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Nausea and Vomiting: What's Wrong?

Your child’s nausea has turned to vomiting, and you want to help him fast. Luckily, bouts of vomiting in kids aren’t usually harmful, and they pass quickly. Common causes are stomach viruses and sometimes food poisoning. Check in with your doctor if your child is less than 12 weeks old, acts sick, or if you are worried.

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Signs of Dehydration

One of the best things you can do is watch for dehydration. Kids get dehydrated more quickly than adults. Watch your child for: acting tired or cranky, dry mouth, fewer tears when crying, cool skin, sunken-looking eyes, not urinating as often as normal, and when he does go, not peeing very much or urine that is darker yellow.

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Treating Dehydration

To prevent and relieve dehydration, try to get your child to drink. Even if vomiting continues, she’s still absorbing some of what you give her. Try water, sports drinks, or oral rehydration solutions like CeraLyte, Enfalyte, or Pedialyte. After she vomits, start with a small amount: a few tablespoons every few minutes. Over time, give her more as she is able to hold it down. Make sure she urinates regularly.

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What About Flat Soda?

For many years, parents used flat lemon/lime soda and ginger ale to help kids replace fluids, and many doctors still recommend those. But research has begun to show that oral rehydration solutions are better for kids. These drinks offer the right amounts of sugar and salt. An alternative can be a sports drink mixed with an equal amount of water.

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Liquid Diet

When it’s been several hours since your child last vomited, you can begin a clear liquid diet beyond just water, electrolyte drinks, or oral rehydration solutions. Stick with liquids you can see through. They are easier to digest, yet they offer nutrients to give your child energy. Think clear broth, cranberry juice, apple juice. Popsicles and Jell-O can work well, too.

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Vomiting in kids usually goes away with a little time. It’s best to wait it out. Over-the-counter medicines for vomiting are not recommended for kids. Those meds won’t help if a virus is the cause -- and it usually is. Fluids rather than drugs are the key. If vomiting is severe, though, doctors may prescribe something.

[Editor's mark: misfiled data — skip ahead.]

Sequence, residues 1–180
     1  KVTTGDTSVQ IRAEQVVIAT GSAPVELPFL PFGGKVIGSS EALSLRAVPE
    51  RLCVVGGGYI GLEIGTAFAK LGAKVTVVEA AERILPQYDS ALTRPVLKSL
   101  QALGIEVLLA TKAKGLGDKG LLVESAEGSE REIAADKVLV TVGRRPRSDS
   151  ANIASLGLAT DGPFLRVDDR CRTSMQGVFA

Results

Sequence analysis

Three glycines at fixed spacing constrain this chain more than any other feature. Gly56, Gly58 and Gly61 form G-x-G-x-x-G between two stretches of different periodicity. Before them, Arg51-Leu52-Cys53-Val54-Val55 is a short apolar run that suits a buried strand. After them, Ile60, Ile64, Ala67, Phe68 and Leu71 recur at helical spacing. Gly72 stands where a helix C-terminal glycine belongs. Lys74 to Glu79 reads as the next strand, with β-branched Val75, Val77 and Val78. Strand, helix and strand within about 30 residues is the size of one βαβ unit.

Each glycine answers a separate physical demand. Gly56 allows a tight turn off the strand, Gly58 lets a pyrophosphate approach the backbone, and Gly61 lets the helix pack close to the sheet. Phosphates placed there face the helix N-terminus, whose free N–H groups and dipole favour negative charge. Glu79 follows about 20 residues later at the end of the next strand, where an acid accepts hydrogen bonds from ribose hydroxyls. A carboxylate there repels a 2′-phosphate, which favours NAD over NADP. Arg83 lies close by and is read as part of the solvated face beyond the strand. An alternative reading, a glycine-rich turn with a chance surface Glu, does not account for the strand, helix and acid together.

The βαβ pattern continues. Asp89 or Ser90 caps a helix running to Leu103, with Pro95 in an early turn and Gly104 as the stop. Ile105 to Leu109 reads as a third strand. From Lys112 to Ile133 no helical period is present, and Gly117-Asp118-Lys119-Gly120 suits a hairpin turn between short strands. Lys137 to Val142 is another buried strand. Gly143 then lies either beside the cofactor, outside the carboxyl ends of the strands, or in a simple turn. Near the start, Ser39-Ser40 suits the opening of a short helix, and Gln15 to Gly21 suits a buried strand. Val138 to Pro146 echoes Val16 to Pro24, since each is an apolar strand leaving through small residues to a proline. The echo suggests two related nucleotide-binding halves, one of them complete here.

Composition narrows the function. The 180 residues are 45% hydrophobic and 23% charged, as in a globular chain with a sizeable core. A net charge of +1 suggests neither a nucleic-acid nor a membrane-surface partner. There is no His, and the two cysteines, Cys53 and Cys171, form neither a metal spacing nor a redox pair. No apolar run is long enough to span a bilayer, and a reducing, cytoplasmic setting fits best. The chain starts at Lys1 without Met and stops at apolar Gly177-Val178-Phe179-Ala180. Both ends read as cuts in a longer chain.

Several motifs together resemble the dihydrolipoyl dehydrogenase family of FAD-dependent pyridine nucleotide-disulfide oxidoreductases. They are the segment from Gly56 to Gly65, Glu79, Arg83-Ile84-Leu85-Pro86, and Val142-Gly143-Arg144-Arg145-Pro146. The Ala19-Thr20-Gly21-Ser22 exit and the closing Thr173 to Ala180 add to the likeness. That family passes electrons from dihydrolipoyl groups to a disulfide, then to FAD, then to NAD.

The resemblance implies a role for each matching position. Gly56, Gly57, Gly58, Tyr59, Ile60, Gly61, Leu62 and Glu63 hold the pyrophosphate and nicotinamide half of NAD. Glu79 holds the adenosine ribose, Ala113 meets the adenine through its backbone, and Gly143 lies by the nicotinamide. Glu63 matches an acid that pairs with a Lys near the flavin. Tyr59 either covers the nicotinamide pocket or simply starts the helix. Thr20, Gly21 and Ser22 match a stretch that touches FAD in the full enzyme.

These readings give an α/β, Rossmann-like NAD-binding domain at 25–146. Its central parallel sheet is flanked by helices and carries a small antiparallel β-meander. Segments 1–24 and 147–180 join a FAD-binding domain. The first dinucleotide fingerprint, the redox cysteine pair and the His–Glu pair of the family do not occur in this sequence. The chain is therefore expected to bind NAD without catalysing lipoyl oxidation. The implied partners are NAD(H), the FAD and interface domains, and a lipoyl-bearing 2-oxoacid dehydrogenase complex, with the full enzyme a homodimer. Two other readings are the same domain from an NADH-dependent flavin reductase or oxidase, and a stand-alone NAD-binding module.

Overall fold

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Home Remedy: Ginger

It’s been used for thousands of years to reduce pain and stomach ills. Researchers believe the chemicals in ginger work in the stomach and intestines as well as the brain and nervous system to control nausea. While it isn’t proven to stop nausea and vomiting in kids, it may be worth a shot. It’s safe for kids over 2. Ask your pediatrician how to try it.

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This technique has helped some with nausea. Acupressure puts pressure on one part of the body to bring about change elsewhere in the body. It’s similar to the ancient Chinese method of acupuncture. To try to quell a child’s nausea this way, use your middle and index fingers to press down on the groove between the two large tendons on the inside of her wrist that start at the palm of her hand.

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When to Call the Doctor

It’s time to get medical attention for a child if they:
• are under 12 weeks old and vomit more than once
• show signs of dehydration, or you suspect they ate or drank poison
• act confused; or have a high fever, a headache, rash, stiff neck, or stomach pains
• have blood or bile in their vomit, or you think they may have appendicitis
• are hard to wake up, look sick, have been vomiting for more than 8 hours, or if you’re worried

These are signs of what may be a serious underlying condition, and your child should at that point see a doctor.

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Sources | Medically Reviewed on 03/08/2016 Reviewed by David T. Derrer, MD on March 08, 2016

1) David Laurens/PhotoAlto Agency
2) Steve Pomberg/WebMD
3) Steve Pomberg/WebMD
4) Glowimages
5) Foodcollection
6) Ray Massey/Stone
7) Michael Rosenfeld/Photographers Choice
8) Steve Pomberg/WebMD
9) Michelle Lance / WebMD

Jamie Simonds, LPN, Capital Area Pediatrics, Falls Church, VA.

Johns Hopkins Children’s Center: “Nausea.”

Children’s Physician Network: “Dehydration.”

Nemours Foundation: “Dehydration.”

CDC: “Seasonal Influenza, Check for Fluid Loss.”

CBS News: “Flat Soda Doesn’t Help Dehydration.”

University of Maryland Medical Center: “Complementary and Alternative Medicine Guide.”

MedlinePlus: “Diet -- Clear Liquid,” “Ginger.”

Medline: “Nausea and Acupressure.”

American Academy of Pediatrics: “Vomiting.”

Reviewed by David T. Derrer, MD on March 08, 2016

This tool does not provide medical advice. See additional information.

THIS TOOL DOES NOT PROVIDE MEDICAL ADVICE. It is intended for general informational purposes only and does not address individual circumstances. It is not a substitute for professional medical advice, diagnosis or treatment and should not be relied on to make decisions about your health. Never ignore professional medical advice in seeking treatment because of something you have read on the WebMD Site. If you think you may have a medical emergency, immediately call your doctor or dial 911.